I’m very interested in helping develop and collaborating on a list of policy positions that could be used to a) help further the definition of what “Humane Design” means, b) inspire legislation, and c) further CHT’s efforts.
I’ve written up three ideas below. They are proposals, and I’m thinking it’d be nice to get a discussion going, as well as discuss other problems and potential policy solutions that I haven’t typed up.
Also, please let me know if there is a better format for this, as I’m new here.
1. Displaying Ads:
Description of Issue: Sometimes, people can’t remove digital ads, even if they want to.
Potential policy solution: Make it a legal requirement that for a website or app that monetizes via ads, users must be given the option to not see ads via paying for the product.
The obvious first step in the enforcement chain could be done via personal reporting. Additionally, apps and websites could be programmatically evaluated for whether they are likely to be
a) running ads, and
b) whether they offer a paid option that does, in fact, shut off the ad displays.
The next question is to whom are these things reported?
For apps, assuming the aforementioned idea is eventually signed into law, one enforcement mechanism would be for Attorneys General be able to hold App Stores and their parent companies liable for the apps they distribute. Another would be a fine that could be levied at the app maker. Maybe both are needed?
For websites / web-apps / web-platforms, the company that owns the website should be on the legal hook. It’s interesting to think about including cloud providers, but I don’t know if that a) fits with legal precedent, or b) is always technologically feasible.
Then again, maybe the best case for enforcement would involve the creation of something like the Consumer Financial Protection Bureau for technology. (Or perhaps the Federal Reserve should be in charge of regulating tech apps, and every time the economy needs a boost they can change the interest rate as well as parametric legal requirements related how “addictive” certain apps and websites can be…)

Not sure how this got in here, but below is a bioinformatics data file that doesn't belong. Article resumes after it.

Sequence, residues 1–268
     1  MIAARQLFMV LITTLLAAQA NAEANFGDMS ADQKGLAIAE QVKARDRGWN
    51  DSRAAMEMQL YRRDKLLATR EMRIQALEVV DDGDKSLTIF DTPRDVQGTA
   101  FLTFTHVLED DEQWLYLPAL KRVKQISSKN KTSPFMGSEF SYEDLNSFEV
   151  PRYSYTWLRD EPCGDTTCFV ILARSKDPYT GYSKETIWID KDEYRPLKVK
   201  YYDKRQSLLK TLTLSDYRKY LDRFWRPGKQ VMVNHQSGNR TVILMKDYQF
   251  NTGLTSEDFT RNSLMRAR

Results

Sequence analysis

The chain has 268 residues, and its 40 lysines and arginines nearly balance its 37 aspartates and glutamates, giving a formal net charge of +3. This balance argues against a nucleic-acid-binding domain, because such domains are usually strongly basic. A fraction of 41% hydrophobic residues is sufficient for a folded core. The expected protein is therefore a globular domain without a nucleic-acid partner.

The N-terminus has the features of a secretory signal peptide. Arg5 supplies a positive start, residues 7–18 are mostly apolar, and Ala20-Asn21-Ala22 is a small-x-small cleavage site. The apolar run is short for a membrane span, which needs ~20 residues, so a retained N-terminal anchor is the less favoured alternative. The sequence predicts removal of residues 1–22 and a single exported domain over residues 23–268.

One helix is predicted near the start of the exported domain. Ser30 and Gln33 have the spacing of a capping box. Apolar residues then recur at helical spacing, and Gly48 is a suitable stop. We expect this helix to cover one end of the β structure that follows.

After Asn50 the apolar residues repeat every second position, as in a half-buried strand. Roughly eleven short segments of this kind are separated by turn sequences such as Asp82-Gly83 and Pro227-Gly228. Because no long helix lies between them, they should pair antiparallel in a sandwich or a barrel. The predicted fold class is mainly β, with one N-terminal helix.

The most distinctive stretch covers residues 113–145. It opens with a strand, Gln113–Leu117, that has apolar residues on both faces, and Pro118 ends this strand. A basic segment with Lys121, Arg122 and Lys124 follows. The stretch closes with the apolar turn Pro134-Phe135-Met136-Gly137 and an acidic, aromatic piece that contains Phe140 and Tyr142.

Further details and considerations:
A possible extension to this policy would be to require companies who primarily make money via ad-monetization to cap the amount that could charge in terms of X times the median value in ad sales if they aren’t adding any more customer value other than “not displaying ads.” (i.e. no premium features, etc.) To enforce this, perhaps some sort of log, consisting of monthly ad revenue and monthly number of users could be filed with a government agency. (The model could be taken out of the SEC’s playbook, wherein all hedge-funds over a certain size are required to report their quarterly stock positions via a 13F filing.) One tricky spot to this approach would be figuring out how to define who counts as a user so companies have more trouble fudging the median value estimate.
2. Timing of Notifications
Description of Issue: Machine Learning algorithms that power social media newsfeeds may learn that if they “time” the delivery of notifications correctly, they end up making the app “more addictive.” Thus the notifications may be “gamed” to keep user’s attention from waning.
Potential policy solution: Legally require that users be able to make some of the following choices: Notifications that transmit information about human actions be delivered
a) in a business as usual fashion, wherein it’s up to the platform provider to determine when to deliver the notifications
b) in near-real-time (within, say, 5-10 seconds of when they happen)
c) during a user-determined time window.
For example, when she logs on, Sasha Smithsonian has the option of snoozing all notifications until 5-7pm each day for a given social media site.
Coming up with an enforcement mechanism for this is harder, especially for (b). That users could have the option to choose between a, b, and c is easy enough to enforce.
For (b), perhaps a log, consisting of the distribution of the discrepancy between the time of initiated action and time of notification can be made public, or registered with a government agency. Does anyone have thoughts on how best to audit such a log? Maybe a browser extension could enable users to (agree to do this beforehand and then) log or screen capture when they invite friend A to an event, and then friend A can log or screen capture when they receive the invitation, for example. This is not really a satisfactory answer, please respond if you have thoughts.
3. Content of Notifications
Description of Issue:
Some platforms don’t allow you to turn off notifications about other peoples’ behavior that doesn’t directly affect you. Most of the time, people want to be notified if they are involved in a conversation, or someone interacts with the content they create. Certain platforms have co-opted this desire and mix in notifications of “happenings you might be interested in” which don’t directly have anything to do with you.
Legally define Direct and Indirect notifications, and then require that users be able to have fine-grained control over both.
A fine seems to be a good idea here.